Psst, Your Gang Tats Are Scaring People

I don't have any tattoos. I'm too much of a chicken to endure pain for some ink--and I probably change my mind too much for them. But, I like admiring other people's tattoos, especially if they're artistic and interesting. Exhibit A: Depeche Mode's legendary frontman Dave Gahan:I can even roll with this from AFI's Davey Havok:
It's fun to ask folks about their ink. What inspired them? How long did it take? Did it hurt? Do they want more? But, the kind of tattoos that signal incarceration or criminal behavior--like these--I don't have any questions about them. Those kind of tattoos scare me. And, a guy hanging out in front of 7-11 last night had plenty of those. And he scared the crap out of my kids. And, OK, me too.

As we approached the 7-11 entrance, I observed him, probably in his early 30s, standing next to the Redbox DVD rental machine. If ever there was a walking "I'm a gang member" stereotype, this dude was it. He was musclebound and wearing a white wife beater tee, jean shorts, socks pulled up to his knees and tennis shoes. But what verified his legitimacy was his tattoos. They covered the top and back of his bald head, encircled his neck, flowed down his arms and onto his fingers, and, of course, he had those small ones--I didn't look too closely to see what they were--next to his eyes.

I hustled my sons on by and headed inside, where we proceeded to waste time picking out junk food. After the cashier rang up our purchases, my 10-year-old, Mr. O, says to me, "We can't go back outside because that dude is still there."

That's how much he was scared. I told him not to worry, that the dude wasn't interested in us. Who knows, despite the tats, he may have turned his life around. If he has, how sad to have to spend your days with that ink on your body, proclaiming for all the world to see, who and what you used to be.


Stesha said…
When I was 19, I was very eager to get a tattoo. A small flower on my ankle. Now many years later I regret it. It's not horrible. It's just not who I am today.

Hugs and Mocha,
Liz Dwyer said…
That's exactly what I think would happen to me, too. I've long said that the only tat I could possibly get is a Depeche Mode one, but even then, I just don't think I can do it. Hugs to you, too.
nick said…
I have several reasons for not tattooing - I might have regretted it later, it would have been painful, it might have deterred would-be employers, and I prefer the look of natural skin to an "enhanced" version.

Some tattoos look fantastic and suit the person, others just look rather ridiculous and over the top. Don't really understand why they're so fashionable right now.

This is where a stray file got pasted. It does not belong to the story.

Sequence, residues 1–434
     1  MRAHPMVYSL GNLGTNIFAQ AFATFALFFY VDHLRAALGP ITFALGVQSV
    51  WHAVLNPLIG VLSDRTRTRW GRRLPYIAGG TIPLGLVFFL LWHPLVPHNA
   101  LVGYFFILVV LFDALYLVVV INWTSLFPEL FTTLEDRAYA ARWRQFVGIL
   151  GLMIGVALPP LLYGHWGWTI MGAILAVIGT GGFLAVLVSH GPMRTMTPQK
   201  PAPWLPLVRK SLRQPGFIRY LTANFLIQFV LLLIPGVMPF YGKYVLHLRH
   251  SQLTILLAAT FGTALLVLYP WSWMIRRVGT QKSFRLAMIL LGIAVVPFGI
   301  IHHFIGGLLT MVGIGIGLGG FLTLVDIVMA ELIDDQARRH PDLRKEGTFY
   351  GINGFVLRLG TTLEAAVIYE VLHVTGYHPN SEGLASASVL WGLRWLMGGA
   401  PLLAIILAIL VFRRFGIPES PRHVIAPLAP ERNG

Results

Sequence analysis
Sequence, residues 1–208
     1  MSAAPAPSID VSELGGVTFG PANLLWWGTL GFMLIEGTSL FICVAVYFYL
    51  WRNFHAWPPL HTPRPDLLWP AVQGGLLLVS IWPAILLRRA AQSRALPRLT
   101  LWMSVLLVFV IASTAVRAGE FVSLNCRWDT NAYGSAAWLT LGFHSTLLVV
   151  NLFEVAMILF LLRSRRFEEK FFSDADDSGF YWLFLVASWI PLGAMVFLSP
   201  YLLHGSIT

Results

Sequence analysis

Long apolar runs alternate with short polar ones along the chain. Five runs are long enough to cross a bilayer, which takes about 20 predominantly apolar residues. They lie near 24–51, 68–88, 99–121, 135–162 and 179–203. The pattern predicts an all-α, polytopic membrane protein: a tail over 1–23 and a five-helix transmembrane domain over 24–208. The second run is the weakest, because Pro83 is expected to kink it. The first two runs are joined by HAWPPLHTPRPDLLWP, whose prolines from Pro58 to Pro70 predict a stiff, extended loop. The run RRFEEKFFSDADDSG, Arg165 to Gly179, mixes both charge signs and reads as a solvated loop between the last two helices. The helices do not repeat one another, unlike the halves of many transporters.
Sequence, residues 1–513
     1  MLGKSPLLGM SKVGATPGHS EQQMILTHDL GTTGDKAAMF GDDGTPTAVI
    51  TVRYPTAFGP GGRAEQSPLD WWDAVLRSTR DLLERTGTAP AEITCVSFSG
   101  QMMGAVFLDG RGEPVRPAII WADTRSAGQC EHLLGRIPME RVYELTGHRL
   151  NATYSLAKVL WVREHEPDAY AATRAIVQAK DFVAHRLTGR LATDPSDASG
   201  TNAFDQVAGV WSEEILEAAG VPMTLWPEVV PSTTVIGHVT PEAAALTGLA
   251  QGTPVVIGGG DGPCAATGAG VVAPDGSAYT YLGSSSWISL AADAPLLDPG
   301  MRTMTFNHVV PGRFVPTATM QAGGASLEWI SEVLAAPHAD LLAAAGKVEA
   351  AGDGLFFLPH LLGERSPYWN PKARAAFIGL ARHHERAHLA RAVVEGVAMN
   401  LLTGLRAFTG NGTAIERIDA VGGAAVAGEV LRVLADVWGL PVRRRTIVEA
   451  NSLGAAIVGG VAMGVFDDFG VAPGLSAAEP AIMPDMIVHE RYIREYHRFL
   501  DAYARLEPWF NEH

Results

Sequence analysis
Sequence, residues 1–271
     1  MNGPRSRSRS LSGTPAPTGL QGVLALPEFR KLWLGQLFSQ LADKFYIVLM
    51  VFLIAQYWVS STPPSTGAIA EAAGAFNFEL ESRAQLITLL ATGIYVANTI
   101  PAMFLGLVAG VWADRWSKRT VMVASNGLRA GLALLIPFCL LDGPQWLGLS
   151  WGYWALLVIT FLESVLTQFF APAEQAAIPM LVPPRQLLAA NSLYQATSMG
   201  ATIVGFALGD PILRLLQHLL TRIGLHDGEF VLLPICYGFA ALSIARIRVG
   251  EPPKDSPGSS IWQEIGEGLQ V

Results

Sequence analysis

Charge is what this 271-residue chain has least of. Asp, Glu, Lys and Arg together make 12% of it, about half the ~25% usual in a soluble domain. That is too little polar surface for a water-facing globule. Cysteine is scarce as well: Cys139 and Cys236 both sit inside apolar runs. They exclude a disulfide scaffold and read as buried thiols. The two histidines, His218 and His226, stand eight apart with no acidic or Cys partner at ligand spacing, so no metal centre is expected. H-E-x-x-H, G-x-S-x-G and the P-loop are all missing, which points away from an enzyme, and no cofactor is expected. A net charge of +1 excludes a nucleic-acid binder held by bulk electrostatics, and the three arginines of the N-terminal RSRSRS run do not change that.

Certainly gangster tattoos must be pretty intimidating.
Anonymous said…
I found your blog after linking over from the CNN article regarding unwanted touching of a black woman's hair.

I must say, in light of the point you make about respecting another's privacy and personal space, I find it ironic that you would ask about the meaning behind a stranger's tattoo. That is a very personal question and really isn't any of your business, wouldn't you say?

I have read your "hair" post twice now. You, along with the majority of your commenting readers, seem to be very quick to repel a stranger's - often innocent - attempt at a personal connection. As a woman with curly hair, I've never looked at these requests as anything short of curiosity, whereas you can't seem to detach it from a race issue. To lend perspective, I am not white and have been the target the occasional backward comment.

When you juxtapose this tattoo post with your hair post, it is very telling. Your jaded attitude doesn't give you much freedom to live your life and see the best in others.
Anonymous said…
I was going to comment here on the irony of your discrimination and stereotyping of someone's appearance (in relation to the article where you perceived a request to touch your hair as racist), but I see someone has beaten me to it and written it more eloquently than I know I am able!
Liz Dwyer said…
They can be pretty intimidating--which is, of course, the intent! You don't have to say anything about what set you rep with those tats. The images do all the talking. What's sad though is that there are many reformed gang members who, because they want gainful employment, etc, have to go through the painful process of getting those tattoos removed.

Thanks for your comment. It's common for people to get tattoos because the images conveys a particular meaning, and there's a difference between asking someone about a tattoo they have on their forearm or some other easily visible place, and what happened to me at a public pool here in Los Angeles. If the woman had simply said that she liked my hair, fine. That's a compliment, sure. But as you know, since you read the post twice, that that's not what happened. I'm actually not jaded--I'm frequently told I'm too optimistic and that I'm too nice. I just don't think that I have to allow someone to pet me, whether they are curious or not. But thanks for commenting and sharing your perspective.

Anon #2,
When someone has MS 13 tatted on their bald skull, there's no stereotyping required.

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